Today marks one year since Abdulla Yameen was sworn into office as the 6th president of the Maldives, stating that his government was to be “one of results”.
Twelve months on, the government can certainly claim the result of a strong majority in the People’s Majlis, positioning itself well to enact an ambitious legislative programme.
Yameen’s administration has taken a tough line on illegal immigration as well as pushing through legislation with the potential to change the country’s economic landscape.
Less clear, however, are the results regarding the removal of the Maldives from the “deep economic pit” in which the president found it.
Additionally, the decision to re-implement the death penalty has not resulted in a reduction in the number of violent crimes, and the intimidation of journalists and politicians has resulted in international concern.
The foreign policy of the Yameen administration has been the result of a combined desire to attract foreign investment and an oft-stated determination to preserve the country’s sovereignty and religion – a combination it assures is compatible, depending on the partner.
Yameen’s recent acknowledgement of a turn away from “western colonialists” towards the east has been preceded by a year of growing Maldivian-Chinese relations, culminating in the historic visit of President Xi Jinpeng to Malé in September.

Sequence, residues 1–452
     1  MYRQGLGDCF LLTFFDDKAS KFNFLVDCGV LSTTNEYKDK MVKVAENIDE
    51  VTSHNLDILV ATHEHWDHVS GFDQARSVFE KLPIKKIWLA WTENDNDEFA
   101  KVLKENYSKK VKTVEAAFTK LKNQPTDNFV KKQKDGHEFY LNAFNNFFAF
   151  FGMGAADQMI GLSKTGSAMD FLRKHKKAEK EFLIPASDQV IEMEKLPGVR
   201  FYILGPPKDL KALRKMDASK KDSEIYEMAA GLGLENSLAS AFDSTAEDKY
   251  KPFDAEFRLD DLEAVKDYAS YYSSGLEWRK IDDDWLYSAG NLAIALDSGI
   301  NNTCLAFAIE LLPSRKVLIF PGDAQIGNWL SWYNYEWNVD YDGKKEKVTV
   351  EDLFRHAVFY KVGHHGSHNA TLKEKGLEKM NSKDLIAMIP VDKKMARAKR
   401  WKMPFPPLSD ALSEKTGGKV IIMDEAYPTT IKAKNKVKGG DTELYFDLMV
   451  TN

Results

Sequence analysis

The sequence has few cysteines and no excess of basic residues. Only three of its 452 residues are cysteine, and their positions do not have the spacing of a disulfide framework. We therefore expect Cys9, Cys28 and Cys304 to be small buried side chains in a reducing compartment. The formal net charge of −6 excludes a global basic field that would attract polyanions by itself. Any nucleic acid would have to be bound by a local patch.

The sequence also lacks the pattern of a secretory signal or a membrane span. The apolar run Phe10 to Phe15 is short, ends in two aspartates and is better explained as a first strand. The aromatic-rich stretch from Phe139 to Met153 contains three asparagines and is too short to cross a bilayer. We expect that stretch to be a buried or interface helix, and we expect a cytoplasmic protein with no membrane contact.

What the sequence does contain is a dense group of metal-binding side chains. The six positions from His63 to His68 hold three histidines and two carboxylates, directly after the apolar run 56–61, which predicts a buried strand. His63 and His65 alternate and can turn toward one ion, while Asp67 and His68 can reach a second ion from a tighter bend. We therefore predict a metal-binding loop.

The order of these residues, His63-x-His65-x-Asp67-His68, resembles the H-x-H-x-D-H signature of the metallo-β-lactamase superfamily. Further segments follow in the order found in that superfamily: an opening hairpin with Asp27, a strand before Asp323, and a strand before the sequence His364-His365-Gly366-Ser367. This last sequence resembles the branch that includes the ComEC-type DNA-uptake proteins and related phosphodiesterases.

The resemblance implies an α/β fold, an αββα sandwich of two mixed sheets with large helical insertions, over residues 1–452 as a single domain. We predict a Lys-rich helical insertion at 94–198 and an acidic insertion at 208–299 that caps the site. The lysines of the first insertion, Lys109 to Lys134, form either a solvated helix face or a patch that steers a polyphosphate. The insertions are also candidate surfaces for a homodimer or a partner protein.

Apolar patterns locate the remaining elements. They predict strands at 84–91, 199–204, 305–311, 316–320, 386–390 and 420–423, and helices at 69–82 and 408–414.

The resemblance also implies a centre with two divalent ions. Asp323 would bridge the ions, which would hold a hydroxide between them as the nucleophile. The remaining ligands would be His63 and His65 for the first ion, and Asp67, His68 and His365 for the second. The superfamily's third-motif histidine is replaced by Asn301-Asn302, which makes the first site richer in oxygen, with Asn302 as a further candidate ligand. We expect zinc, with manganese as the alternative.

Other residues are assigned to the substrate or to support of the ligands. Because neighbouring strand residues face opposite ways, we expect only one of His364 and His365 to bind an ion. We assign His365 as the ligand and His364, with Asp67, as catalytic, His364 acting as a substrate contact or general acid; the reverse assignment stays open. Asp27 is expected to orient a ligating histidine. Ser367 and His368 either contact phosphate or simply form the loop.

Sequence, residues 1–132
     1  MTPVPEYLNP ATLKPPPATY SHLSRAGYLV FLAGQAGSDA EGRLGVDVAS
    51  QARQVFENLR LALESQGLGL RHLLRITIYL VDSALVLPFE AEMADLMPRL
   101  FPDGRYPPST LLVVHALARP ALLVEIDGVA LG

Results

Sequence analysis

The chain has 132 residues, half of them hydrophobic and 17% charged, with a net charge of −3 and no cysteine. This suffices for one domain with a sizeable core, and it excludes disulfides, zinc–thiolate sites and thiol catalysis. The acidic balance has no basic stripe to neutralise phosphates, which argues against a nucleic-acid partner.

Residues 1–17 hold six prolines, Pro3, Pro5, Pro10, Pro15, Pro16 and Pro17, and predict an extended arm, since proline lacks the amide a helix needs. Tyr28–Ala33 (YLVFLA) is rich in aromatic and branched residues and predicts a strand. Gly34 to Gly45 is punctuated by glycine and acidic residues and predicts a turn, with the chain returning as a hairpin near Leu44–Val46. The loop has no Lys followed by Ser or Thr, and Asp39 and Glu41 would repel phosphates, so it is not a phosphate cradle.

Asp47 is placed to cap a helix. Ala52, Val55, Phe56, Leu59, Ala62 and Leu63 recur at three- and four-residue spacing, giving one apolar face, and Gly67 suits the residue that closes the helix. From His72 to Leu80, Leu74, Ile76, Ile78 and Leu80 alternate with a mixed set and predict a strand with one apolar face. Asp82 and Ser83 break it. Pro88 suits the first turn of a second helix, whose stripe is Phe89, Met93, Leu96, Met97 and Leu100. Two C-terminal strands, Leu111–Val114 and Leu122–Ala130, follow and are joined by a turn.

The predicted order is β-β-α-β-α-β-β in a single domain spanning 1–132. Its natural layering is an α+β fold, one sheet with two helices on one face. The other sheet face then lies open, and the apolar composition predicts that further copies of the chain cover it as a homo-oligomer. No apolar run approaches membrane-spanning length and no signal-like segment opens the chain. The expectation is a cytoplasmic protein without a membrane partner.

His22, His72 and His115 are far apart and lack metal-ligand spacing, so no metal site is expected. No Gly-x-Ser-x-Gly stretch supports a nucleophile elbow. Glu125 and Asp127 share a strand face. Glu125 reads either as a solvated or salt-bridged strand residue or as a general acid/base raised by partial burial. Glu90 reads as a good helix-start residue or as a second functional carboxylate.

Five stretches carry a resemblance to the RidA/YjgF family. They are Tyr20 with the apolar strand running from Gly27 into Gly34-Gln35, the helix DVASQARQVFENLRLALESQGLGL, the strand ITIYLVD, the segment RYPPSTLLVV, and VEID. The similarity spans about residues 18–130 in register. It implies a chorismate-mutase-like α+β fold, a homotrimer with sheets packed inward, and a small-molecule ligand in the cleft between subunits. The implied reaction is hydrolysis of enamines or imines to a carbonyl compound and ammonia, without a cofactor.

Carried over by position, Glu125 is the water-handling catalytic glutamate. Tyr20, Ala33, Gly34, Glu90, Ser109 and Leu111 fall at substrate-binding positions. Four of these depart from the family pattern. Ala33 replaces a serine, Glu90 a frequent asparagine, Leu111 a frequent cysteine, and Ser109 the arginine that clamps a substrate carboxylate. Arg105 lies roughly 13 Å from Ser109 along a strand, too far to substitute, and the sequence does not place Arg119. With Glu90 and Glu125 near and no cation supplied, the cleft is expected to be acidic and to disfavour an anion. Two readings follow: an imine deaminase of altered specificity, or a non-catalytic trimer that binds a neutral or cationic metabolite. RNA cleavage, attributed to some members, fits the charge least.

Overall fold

The visit of President Xi saw agreements signed on the development of Ibrahim Nasir International Airport (INIA) and the iconic Malé-Hulhulé bridge, which China will “favorably consider” financing should it prove feasible.
Should Chinese favor not fall upon the bridge project, however, there appear few takers for investment – despite the introduction of the administration’s landmark Special Economic Zones Act in August.
While a number of ‘mega projects’ had been pitched to investors in Singapore in April, Beijing continues to be the only investor calling.
Perhaps a more significant development for investors was the June decision by a Singapore arbitration court to rule in favour of ousted Indian infrastructure giant GMR, with damages owed for the 2012 termination of the INIA development deal currently being determined.
The fate of pre-existing foreign investments this year will have done little to attract new business, with the Tatva waste management deal terminated in September and the GulhiFalhu Global Green City project having recently stalled.
Tourism has continued to drive economic growth this year, assisted by the rapidly expanding Chinese and Russian markets – though the latter will not have aided by the handing over of alleged hacker Roman Seleznyov to US security officials in July.
Twelve months in office
Bills combating torture, human-trafficking, money laundering, and the financing of terrorism have also been approved – the former two being passed prior to the ruling coalition’s success in March’s parliamentary polls.
The steady stream of defections to the ruling Progressive Party of Maldives prior to the elections continued afterwards, with the party soon turning a 33 seat haul at the polls into a 43 seat majority in the Majlis.